Monday, August 8, 2011

The Beginning Of The End For India By Kashyap Uttara

Sub Title: The Heavy Defeat at Lord’s Marks the Bitter Beginning for the Inevitable End of Test Cricket In India.

In the press conference -- prior to the commencement of the landmark test match at Lord’s -- M.S. Dhoni , the current steward of Indian cricket , expressed confidence the classic theatre of test cricket which has now run 2,000 shows since its debut opening in 1877 has enough legs in it to run for 2,000 more shows.

The show might well go on, but I’m afraid without the Indian actors on stage and the Indian audiences in the gallery.

India, still but barely, are the number one side in test cricket. Almost all batting records of prominence are held by the members in the Indian squad. In the last four years India have lost three times and won 15 test matches, and Dhoni is yet to lose a series as a captain. In the light of those, and several other facts, it sounds quite insane to predict the imminent death or at least chronic terminal sickness for test cricket in India.

But the nigh is near.

The current India squad has suffered even bigger margins of defeat in the first touring tests in South Africa, Australia and Sri Lanka. They have come back to win a test in each of those series, lost 2-1 to Australia in ‘08-‘09; tied 1-1 against Sri Lanka and South Africa in ’10-‘11.

But the defeat against England at Lord’s and then at Trent Bridge are different. The termites rotting the wooden walls from within are beginning to grind their way to the surface. A large part of Indian test cricket eager to merge into the past, and there is not much promise emerging from the future

IPL Nation

Ever since the Indian Premiere League started back in 2008, the parallel success of India in test cricket has often been presented as evidence to dispel any claims of negative impact of IPL on test cricket. But we’re finally witnessing the affects of IPL on Indian test cricket.

Within two weeks after the ODI World Cup ended in April this year, almost every cricketer from the Indian test squad played in the fourth series of the IPL. The series lasted for over 70 games and nearly seven weeks. It meant most from the world cup winning squad needed rest and would fail to make the appearance in the West Indies tour that followed. Though most of us don’t like to look at it that way, WI tour is one of the most evident cases, thus far, when Indian players opted for club/corporate money over country. The two test openers Virender Sehwag and Gautam Gambhir especially highlight how the muscle of IPL can strangle test cricket in India.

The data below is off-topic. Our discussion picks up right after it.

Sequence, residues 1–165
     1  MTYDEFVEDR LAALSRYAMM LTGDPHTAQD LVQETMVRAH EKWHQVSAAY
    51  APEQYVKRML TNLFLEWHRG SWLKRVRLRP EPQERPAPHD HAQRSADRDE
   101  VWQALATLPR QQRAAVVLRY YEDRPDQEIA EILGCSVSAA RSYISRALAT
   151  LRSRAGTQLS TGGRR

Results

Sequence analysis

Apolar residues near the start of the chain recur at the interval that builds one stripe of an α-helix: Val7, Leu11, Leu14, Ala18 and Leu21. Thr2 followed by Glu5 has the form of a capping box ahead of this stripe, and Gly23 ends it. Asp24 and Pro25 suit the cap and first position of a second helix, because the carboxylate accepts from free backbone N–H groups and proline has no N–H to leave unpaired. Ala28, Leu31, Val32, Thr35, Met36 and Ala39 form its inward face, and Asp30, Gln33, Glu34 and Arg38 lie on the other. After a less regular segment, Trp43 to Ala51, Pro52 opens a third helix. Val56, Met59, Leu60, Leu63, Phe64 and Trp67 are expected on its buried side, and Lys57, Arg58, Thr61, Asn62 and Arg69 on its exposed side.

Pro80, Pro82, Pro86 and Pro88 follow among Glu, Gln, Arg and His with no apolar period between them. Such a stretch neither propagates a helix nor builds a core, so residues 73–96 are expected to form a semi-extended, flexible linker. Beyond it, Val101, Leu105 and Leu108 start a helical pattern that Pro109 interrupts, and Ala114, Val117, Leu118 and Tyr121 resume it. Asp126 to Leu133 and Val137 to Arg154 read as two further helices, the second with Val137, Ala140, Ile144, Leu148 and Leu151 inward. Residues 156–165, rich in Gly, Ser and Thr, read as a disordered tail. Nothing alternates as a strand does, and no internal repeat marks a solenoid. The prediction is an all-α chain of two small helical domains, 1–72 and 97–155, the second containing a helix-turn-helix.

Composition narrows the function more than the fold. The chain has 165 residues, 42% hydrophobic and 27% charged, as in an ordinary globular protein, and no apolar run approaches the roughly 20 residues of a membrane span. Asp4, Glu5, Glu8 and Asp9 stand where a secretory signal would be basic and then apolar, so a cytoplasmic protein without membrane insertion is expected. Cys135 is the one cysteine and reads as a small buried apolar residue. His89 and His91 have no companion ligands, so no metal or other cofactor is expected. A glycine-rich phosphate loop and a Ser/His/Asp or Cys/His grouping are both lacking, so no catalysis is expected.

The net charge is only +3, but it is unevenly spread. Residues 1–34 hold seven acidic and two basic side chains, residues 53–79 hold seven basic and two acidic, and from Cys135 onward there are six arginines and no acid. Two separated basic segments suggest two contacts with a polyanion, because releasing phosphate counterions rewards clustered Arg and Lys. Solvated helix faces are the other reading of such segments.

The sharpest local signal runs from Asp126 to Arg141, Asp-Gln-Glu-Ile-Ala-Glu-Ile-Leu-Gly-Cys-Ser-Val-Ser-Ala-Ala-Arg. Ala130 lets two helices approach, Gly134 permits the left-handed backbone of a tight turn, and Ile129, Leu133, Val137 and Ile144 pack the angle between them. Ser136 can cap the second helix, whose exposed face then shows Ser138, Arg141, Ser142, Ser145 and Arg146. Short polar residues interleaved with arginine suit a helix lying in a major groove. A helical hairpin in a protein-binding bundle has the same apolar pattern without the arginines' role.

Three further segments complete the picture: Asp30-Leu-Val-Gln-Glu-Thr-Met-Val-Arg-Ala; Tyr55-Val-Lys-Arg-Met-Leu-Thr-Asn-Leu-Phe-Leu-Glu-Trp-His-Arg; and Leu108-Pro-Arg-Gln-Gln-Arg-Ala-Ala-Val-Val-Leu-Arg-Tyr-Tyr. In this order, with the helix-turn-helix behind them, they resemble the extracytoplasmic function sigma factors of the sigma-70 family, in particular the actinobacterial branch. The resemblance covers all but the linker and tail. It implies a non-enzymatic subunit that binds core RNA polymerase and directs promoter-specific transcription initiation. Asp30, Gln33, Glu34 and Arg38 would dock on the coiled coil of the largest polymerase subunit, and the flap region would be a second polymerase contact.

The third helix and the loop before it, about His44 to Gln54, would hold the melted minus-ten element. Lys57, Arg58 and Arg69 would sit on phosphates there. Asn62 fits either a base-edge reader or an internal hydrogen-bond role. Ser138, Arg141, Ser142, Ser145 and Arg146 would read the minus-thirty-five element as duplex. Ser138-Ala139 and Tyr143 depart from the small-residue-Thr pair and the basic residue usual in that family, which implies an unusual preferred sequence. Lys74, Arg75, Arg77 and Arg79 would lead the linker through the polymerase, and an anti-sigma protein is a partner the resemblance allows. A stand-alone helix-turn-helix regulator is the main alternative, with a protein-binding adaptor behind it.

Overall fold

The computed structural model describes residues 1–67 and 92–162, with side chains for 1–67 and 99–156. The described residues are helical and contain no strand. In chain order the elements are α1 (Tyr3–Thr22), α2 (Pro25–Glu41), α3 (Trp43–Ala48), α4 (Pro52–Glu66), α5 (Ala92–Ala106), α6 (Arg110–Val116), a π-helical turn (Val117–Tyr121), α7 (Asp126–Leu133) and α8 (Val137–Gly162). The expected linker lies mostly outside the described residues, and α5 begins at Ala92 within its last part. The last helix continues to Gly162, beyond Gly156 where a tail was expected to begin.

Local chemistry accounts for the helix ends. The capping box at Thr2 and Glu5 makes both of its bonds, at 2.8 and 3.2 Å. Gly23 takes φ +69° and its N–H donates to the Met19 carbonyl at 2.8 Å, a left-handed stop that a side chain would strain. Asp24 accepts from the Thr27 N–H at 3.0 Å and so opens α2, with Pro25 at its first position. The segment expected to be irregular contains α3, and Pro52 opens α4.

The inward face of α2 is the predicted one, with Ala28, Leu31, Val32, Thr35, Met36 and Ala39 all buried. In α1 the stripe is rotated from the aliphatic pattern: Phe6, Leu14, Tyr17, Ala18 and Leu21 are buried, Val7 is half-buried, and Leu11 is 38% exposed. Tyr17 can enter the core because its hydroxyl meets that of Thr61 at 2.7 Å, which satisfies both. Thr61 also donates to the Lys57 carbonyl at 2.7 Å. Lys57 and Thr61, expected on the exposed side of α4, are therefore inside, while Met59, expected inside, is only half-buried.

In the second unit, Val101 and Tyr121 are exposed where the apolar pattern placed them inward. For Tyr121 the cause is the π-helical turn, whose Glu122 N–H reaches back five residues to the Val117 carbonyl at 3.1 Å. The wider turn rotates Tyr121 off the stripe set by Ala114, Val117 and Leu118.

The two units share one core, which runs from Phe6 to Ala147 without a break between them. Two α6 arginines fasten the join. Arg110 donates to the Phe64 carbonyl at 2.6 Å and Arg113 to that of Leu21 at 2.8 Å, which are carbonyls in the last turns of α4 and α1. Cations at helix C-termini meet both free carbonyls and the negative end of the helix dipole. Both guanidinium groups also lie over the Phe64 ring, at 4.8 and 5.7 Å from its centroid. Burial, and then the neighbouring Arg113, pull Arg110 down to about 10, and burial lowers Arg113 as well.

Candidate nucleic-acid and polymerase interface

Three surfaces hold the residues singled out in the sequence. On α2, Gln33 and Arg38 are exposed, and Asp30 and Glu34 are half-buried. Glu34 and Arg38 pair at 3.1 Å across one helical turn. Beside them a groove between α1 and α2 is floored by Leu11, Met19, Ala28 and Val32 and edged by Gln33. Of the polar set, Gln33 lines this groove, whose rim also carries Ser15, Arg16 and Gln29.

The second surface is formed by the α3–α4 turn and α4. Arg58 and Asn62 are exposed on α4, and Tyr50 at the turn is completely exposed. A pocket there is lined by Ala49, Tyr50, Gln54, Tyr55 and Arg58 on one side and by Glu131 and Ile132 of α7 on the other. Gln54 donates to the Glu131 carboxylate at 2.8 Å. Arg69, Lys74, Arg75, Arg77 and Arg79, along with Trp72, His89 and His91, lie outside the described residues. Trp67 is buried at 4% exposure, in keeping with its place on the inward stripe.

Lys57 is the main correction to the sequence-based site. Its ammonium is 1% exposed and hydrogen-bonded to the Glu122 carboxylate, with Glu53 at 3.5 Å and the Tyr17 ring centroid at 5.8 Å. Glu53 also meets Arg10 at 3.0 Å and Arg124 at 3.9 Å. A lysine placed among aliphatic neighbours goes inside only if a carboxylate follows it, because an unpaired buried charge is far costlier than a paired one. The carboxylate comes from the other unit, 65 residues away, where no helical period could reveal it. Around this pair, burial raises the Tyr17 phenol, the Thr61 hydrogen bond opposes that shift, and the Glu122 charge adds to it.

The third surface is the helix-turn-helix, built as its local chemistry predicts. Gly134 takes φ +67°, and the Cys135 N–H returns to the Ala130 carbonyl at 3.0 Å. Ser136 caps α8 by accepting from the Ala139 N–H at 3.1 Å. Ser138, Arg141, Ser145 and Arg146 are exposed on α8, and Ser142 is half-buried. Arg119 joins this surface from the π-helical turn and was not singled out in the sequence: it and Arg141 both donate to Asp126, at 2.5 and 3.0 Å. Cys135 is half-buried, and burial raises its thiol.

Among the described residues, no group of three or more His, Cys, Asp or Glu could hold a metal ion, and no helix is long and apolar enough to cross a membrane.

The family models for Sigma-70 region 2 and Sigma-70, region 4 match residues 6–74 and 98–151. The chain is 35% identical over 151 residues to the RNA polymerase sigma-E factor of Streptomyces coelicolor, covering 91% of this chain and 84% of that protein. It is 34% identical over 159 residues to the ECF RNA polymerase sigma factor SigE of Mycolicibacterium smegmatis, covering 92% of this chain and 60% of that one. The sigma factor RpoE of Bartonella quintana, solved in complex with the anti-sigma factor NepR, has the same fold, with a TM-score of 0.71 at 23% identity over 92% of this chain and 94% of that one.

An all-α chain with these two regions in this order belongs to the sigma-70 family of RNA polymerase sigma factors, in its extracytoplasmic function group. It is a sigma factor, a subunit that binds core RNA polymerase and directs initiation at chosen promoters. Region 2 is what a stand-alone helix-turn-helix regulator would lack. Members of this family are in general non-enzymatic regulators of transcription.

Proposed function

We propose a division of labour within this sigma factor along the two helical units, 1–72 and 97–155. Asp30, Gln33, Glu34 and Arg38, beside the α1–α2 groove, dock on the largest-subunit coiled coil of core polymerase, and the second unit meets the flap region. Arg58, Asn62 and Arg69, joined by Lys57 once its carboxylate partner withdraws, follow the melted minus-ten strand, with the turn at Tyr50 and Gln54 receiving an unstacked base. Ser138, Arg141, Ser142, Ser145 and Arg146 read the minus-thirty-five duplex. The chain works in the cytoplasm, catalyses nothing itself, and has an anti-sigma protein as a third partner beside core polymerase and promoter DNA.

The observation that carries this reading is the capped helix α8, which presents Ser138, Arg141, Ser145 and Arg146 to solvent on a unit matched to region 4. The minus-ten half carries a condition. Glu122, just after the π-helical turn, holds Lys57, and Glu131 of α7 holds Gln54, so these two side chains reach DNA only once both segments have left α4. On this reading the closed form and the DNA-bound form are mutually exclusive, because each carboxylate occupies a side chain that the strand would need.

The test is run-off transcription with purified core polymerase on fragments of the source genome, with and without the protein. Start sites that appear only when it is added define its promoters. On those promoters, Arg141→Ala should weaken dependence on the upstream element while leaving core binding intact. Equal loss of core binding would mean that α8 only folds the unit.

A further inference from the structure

The formidable opening pair, suffering from injuries, could have opted to sit out the IPL season, recover and become fit and available for national duties. But they chose club over country. Sehwag is now out at least for the two tests against England, and India is already two down after the two tests. In Gambhir’s case, he was made captain for the WI test tour for all intensive purposes, but he pulled out right after his final game in the IPL. India had to send two novices to the WI to open the batting, and the partnership failed to give a start in all six innings of the test tour. And it certainly had some bearing on the measly 1-0 series winning against a mediocre opposition.

Short Cut to Success

While the WI tour didn’t line up too many first choice players from the Indian test side, it was seen as a opportunity for the younger generation to leave an imprint- but sadly not too many made an impact other than Suresh Raina and Ishant Sharma. It was the old soldiers who have served at the frontlines of Indian test cricket – Rahul Dravid and V.V.S. Laxman – who again battled more than the younger lot.